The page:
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How 80 Years of Rural Electrification Will Help Bring Broadband to Rural America

Posted by Brandon McBride, Administrator, Rural Utilities Service in Rural Technology
Feb 21, 2017

We’re celebrating the 80th anniversary of the creation of the Rural Electrification Administration this month. The REA was created because in 1935, rural areas had no electricity—no lights or power to transform their hard work and efforts into efficiency and productivity. With the creation of the REA, and the subsequent Congressional action through the Rural Electrification Act, REA was able to empower rural America, changing lives and livelihoods for the better.

Rural Electrification Administration (REA) erects telephone lines in rural areas.
Rural Electrification Administration (REA) erects telephone lines in rural areas. Photo courtesy of National Archives and Records Administration.

A Pine Net worker prepares to climb a broadband tower in Broken Bow, OK.
A Pine Net worker prepares to climb a broadband tower as part of the upgrade for the communications and broadband systems throughout the area with the assistance of the U.S. Department of Agriculture (USDA) in Broken Bow, OK on Thursday, Apr. 9, 2015. USDA photo by Lance Cheung.

It was through the REA, USDA helped rural Americans build the infrastructure that today has helped make the U.S. the world’s breadbasket. While our electric program continues to contribute to a #modernUSDA with increased efficiency and smart-grid technology, USDA is leading the way to close a digital divide that presents a formidable threat to rural economies if allowed to continue.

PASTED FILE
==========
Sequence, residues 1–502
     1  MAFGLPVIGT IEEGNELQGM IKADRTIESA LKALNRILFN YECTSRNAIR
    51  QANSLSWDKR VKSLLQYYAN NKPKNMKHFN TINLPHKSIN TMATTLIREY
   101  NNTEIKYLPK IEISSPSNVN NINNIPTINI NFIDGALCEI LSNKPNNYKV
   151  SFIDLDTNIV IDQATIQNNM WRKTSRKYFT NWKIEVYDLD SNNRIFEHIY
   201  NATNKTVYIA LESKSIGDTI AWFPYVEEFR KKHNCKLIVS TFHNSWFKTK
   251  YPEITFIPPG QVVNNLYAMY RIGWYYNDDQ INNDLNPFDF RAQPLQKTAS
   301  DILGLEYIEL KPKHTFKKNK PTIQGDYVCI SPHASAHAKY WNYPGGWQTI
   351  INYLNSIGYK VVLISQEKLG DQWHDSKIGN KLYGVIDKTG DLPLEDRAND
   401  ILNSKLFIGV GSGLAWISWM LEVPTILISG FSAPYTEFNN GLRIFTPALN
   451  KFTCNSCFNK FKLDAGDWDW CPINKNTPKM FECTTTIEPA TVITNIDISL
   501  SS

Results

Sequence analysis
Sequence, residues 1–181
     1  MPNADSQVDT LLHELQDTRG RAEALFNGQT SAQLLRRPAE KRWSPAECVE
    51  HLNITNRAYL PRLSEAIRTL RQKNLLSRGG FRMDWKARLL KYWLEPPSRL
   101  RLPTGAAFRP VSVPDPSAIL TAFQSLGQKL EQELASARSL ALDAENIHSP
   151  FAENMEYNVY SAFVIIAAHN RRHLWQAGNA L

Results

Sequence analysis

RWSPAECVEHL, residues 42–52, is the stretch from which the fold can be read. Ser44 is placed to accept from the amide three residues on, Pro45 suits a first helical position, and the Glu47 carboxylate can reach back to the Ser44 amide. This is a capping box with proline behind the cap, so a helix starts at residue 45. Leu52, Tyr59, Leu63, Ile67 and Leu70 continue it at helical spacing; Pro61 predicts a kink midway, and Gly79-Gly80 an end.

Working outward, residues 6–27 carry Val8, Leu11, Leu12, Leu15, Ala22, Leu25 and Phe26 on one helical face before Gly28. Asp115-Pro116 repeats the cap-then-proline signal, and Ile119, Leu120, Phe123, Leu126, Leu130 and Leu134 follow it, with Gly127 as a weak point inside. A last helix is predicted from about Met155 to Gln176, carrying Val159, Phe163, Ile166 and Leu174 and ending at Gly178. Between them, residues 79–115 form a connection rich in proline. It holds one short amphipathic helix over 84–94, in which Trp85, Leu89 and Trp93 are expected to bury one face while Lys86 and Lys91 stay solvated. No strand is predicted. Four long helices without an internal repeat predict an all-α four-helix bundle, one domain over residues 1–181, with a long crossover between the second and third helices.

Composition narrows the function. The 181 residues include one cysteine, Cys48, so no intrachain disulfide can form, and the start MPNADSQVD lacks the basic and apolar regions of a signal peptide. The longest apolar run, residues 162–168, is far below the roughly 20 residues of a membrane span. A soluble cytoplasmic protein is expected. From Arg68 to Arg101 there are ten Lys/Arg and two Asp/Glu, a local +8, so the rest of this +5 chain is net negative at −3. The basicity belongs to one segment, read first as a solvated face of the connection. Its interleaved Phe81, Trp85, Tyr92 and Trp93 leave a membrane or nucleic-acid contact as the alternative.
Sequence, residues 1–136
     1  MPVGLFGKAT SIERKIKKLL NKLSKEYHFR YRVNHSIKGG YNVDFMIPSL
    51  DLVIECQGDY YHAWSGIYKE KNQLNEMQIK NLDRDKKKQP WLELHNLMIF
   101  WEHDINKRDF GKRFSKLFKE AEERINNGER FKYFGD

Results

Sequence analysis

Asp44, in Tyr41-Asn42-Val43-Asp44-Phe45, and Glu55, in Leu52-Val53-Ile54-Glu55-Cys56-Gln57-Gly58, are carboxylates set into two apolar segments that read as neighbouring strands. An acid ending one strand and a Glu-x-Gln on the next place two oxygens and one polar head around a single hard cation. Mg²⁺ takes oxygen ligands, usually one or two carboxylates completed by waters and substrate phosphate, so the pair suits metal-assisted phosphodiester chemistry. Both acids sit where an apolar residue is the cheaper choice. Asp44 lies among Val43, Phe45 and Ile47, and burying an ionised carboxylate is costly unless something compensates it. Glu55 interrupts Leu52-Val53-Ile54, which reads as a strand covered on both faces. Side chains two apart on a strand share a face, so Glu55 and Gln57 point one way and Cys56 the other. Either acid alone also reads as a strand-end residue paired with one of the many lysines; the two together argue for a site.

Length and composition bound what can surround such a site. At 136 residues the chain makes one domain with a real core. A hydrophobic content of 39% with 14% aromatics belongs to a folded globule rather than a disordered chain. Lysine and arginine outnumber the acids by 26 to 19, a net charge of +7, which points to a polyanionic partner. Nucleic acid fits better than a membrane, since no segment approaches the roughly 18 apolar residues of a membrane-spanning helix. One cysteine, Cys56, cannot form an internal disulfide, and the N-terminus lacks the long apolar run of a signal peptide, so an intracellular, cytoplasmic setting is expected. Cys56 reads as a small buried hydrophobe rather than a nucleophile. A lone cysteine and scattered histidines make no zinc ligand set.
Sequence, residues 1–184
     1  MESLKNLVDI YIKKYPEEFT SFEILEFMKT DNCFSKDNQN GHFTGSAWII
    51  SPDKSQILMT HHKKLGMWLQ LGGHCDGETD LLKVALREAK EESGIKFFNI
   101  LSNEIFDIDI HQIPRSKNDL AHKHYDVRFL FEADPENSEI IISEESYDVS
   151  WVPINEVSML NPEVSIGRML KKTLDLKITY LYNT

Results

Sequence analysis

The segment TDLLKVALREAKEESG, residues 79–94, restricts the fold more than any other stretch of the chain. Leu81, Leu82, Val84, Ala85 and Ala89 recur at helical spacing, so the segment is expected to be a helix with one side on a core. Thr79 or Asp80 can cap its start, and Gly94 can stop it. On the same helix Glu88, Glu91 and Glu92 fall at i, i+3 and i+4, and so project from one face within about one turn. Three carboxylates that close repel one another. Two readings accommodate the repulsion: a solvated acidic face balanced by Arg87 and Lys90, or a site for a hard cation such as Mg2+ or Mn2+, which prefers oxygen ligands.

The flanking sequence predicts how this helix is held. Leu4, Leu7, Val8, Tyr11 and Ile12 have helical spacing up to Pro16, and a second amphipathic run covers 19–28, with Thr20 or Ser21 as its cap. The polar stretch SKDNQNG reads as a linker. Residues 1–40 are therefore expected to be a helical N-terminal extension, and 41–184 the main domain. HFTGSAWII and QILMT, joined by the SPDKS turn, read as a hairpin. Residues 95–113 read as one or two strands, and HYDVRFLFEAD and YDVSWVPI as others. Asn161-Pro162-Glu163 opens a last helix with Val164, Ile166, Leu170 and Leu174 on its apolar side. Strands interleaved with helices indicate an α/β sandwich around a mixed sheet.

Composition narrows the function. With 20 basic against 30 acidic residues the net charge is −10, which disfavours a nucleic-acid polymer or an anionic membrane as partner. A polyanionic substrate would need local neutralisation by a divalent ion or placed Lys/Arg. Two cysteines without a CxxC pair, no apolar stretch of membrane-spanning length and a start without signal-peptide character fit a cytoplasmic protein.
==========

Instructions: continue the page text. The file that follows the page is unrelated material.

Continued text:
Mrs. Nolan Freeman of Albertville, Alabama takes a monthly electric meter reading in October 1965.
Mrs. Nolan Freeman of Albertville, Alabama takes a monthly electric meter reading in October 1965. Photo courtesy National Archives and Records Administration.
Workers monitor control stations at Pine Net Telephone and internet stations for the communications and broadband systems in Broken Bow, OK.
Workers monitor control stations at Pine Net Telephone and internet stations as part of the upgrade for the communications and broadband systems throughout the area with the assistance of the U.S. Department of Agriculture (USDA) in Broken Bow, OK on Thursday, Apr. 9, 2015. USDA photo by Lance Cheung.

Our experience in serving rural America’s electricity needs has led to great success in bringing broadband to rural America – recently with the funds made available through the American Recovery and Reinvestment Act.

Rural Electrification Administration in North Fairfield, Ohio was responsible for the installation of these electric power lines in 1940.
Rural Electrification Administration in North Fairfield, Ohio was responsible for the installation of these electric power lines in 1940. Photo courtesy National Archives and Records Administration.
Oklahoma Rural Development State Director Ryan McMullen  joins project representatives, elected officials, and community representatives to cut a ribbon officially declaring the completion of the 1st of 30 towers, comprising the new broadband network.
Oklahoma Rural Development State Director Ryan McMullen joins project representatives, elected officials, and community representatives to cut a ribbon officially declaring the completion of the 1st of 30 towers, comprising the new broadband network. USDA photo.

If you want to see a prime example of how these investments are impacting our rural communities, take a quick visit to rural Southeast Oklahoma to hear the story of how broadband investment is creating a transformation that, to me, shows strong parallels to the REA investments from eighty years ago. It's long-term investment like this that will pay economic dividends for generations to come, and I'm proud that USDA is leading the charge.

Category/Topic: Rural Technology

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